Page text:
Many uncommon but significant events in obstetrics have a standardized approach to diagnosis and treatment. Interestingly, many obstetric units have not developed standardized protocols for these significant events. A multidisciplinary process, which is led by obstetricians but includes midwives, obstetric nurses, and anesthesiologists, could be used to develop and test surgical checklists for your labor unit. It is likely that the participants in the process will find it professionally rewarding, and a new surgical checklist may help improve patient care.

Instant Poll

* Does your labor and delivery unit have a standardized checklist for the repair of 3rd- and 4th-degree lacerations? Do you think a checklist would improve patient care, or hinder individualized decision making?

* Do you recommend prophylactic antibiotics for all women with a 3rd- or 4th-degrees perineal laceration?

* Our readers want to know! What are your clinical pearls for the repair of a 3rd- or 4th-degree laceration?

Tell us--at rbarbieri@frontlinemedcom.com. Please include your name and city and state.

References

(1.) Arriaga AF, Bader AM, Wong JM, et al. A simulation-based trial of surgical-crisis checklists. N Engl J Med. 2013;368(3):246-253.

(2.) Haynes AB, Weiser TG, Berry WR, et al; Safe Surgery Saves Lives Study Group. A surgical safety checklist to reduce morbidity and mortality in a global population. N Engl J Med. 2009;360(5):491-499.

(3.) Duggal N, Mercado C, Daniels K, Bujor A, Caughey AB, El-Sayed YY. Antibiotic prophylaxis for prevention of postpartum perineal wound complications: a randomized controlled trial. Obstet Gynecol. 2008;111(6):1268-1273.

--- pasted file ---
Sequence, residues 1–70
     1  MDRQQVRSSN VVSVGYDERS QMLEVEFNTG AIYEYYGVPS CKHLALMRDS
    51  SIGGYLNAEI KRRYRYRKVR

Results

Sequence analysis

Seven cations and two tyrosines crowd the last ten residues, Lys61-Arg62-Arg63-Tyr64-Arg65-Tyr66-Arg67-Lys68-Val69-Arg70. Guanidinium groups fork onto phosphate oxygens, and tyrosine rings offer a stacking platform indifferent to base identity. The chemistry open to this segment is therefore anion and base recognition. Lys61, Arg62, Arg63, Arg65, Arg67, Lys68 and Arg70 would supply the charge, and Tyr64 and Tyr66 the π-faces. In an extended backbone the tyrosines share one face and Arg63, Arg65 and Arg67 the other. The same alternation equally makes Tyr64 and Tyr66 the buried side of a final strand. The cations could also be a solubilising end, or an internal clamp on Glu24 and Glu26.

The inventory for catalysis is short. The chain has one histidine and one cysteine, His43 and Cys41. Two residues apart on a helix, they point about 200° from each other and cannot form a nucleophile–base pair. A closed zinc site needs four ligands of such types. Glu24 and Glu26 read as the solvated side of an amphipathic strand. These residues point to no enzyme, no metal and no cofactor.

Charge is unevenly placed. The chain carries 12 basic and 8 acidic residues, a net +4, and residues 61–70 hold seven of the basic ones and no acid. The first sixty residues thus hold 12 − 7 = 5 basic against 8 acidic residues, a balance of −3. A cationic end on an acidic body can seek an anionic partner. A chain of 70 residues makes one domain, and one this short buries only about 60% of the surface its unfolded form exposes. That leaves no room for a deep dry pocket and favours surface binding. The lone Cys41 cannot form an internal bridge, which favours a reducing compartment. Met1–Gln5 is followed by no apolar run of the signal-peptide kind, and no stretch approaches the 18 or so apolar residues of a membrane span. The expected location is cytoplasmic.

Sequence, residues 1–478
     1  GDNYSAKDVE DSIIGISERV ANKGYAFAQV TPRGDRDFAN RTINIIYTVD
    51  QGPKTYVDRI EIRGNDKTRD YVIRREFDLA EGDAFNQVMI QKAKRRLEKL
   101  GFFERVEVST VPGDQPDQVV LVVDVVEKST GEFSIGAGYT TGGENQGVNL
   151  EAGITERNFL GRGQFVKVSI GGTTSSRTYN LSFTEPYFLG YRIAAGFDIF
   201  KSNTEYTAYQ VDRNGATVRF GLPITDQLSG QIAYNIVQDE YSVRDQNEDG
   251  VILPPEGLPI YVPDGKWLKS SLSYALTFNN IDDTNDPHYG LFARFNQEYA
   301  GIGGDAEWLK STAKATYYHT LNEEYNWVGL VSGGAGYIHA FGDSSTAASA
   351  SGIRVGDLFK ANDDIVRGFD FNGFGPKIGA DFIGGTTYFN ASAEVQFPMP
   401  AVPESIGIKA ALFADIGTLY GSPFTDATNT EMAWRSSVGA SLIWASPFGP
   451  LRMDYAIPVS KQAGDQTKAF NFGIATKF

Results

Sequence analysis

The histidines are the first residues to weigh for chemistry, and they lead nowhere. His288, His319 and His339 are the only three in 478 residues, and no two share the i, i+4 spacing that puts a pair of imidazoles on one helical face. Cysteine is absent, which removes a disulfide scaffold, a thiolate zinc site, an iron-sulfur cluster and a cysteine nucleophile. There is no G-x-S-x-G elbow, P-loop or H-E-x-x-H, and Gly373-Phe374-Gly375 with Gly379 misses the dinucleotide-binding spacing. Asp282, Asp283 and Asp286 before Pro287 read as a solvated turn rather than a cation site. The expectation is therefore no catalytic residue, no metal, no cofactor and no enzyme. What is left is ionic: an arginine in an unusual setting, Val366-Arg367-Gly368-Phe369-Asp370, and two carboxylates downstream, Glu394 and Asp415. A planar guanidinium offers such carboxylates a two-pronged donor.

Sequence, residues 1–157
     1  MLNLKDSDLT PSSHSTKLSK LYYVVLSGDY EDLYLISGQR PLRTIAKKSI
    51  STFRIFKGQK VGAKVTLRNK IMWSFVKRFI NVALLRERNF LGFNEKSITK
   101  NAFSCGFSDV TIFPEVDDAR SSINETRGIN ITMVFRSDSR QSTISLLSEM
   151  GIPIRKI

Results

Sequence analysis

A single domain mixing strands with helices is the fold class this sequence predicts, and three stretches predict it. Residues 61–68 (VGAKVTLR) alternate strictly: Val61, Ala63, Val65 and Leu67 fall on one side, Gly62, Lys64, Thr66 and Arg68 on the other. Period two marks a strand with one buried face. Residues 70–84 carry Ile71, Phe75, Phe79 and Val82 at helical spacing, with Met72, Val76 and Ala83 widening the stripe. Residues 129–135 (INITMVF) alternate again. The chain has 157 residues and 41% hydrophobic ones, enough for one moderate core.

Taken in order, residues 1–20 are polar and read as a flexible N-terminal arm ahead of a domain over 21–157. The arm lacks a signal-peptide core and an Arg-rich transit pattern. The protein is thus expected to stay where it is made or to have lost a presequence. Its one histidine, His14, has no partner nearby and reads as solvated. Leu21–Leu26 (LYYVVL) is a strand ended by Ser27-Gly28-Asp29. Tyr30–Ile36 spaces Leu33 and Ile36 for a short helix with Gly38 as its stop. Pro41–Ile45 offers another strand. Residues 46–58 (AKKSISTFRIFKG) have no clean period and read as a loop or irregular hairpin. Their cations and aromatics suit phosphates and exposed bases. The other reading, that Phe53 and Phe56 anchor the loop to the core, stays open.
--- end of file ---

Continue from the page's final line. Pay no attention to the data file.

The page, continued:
(4.) Stock L, Basham E, Gossett DR, Lewicky-Gaupp C. Factors associated with wound complications in women with obstetric anal sphincter injuries (OASIS). Am I Obstet Gynecol. 2013;208(4):327. e1-e6.

(5.) Sultan AH, Kamm MA, Hudson CN, Thomas JM, Bartram CI. Anal-sphincter disruption during vaginal delivery. N Engl J Med. 1995;329(26): 1905-1911.

(6.) Groom KM, Paterson-Brown S. Can we improve on the diagnosis of third degree tears? Eur J Obstet Gynecol Reprod Biol. 2002;101(1):19-21.

(7.) Mahony R, Behan M, Daly L, Kirwan C, O'Herlihy C, O'Connell PR. Internal anal sphincter defect influences continence outcome following obstetric anal sphincter injury. Am J Obstet Gynecol. 2007;196(3):217.e1-e5.

(8.) Sangwan YP, Solla JA. Internal anal sphincter: advances and insights. Dis Colon Rectum. 1998;41(10):1297-1311.

(9.) Rygh AB, Korner H. The overlap technique versus end-to-end approximation technique for primary repair of obstetric anal sphincter rupture: a randomized controlled study. Acta Obstet Gynecol Scand. 2010;89(10):1256-1262.

(10.) Mahony R, Behan M, O'Herlihy C, O'Connell PR. Randomised clinical trial of bowel confinement vs. laxative use after primary repair of a third degree obstetric anal sphincter tear. Dis Colon Rectum. 2004;47(1):12-17.

(11.) Ramin SM, Gilstrap LC 3rd. Episiotomy and early repair of dehiscence. Clin Obstet Gynecol 1994;37(4):816-823.

(12.) Bols EM, Hendriks EJ, Berghmans BC, Baeten CG, Nijhuis JG, de Bie RA. A systematic review of etiological factors for postpartum fecal incontinence. Acta Obstet Gynecol Scand. 2010;89(3):302-314.

(13.) Dudding TC, Vaizey CJ, Kamm MA. Obstetric anal sphincter injury: incidence, risk factors and management. Ann Surg. 2008;247(2):224-237.

(14.) Evers EC, Blomquist JL, McDermott KC, Handa VL. Obstetrical anal sphincter laceration and anal incontinence 5-10 years after childbirth. Am J Obstet Gynecol. 2012;207(5):425.e1-e6.

Robert L. Barbieri, MD Editor in Chief

RBARBIERI@FRONTLINEMEDCOM.COM

Dr. Barbieri reports no financial relationships relevant to this article.
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Title Annotation:Editorial
Author:Barbieri, Robert L.
Publication:OBG Management
Date:Aug 1, 2013
Words:1805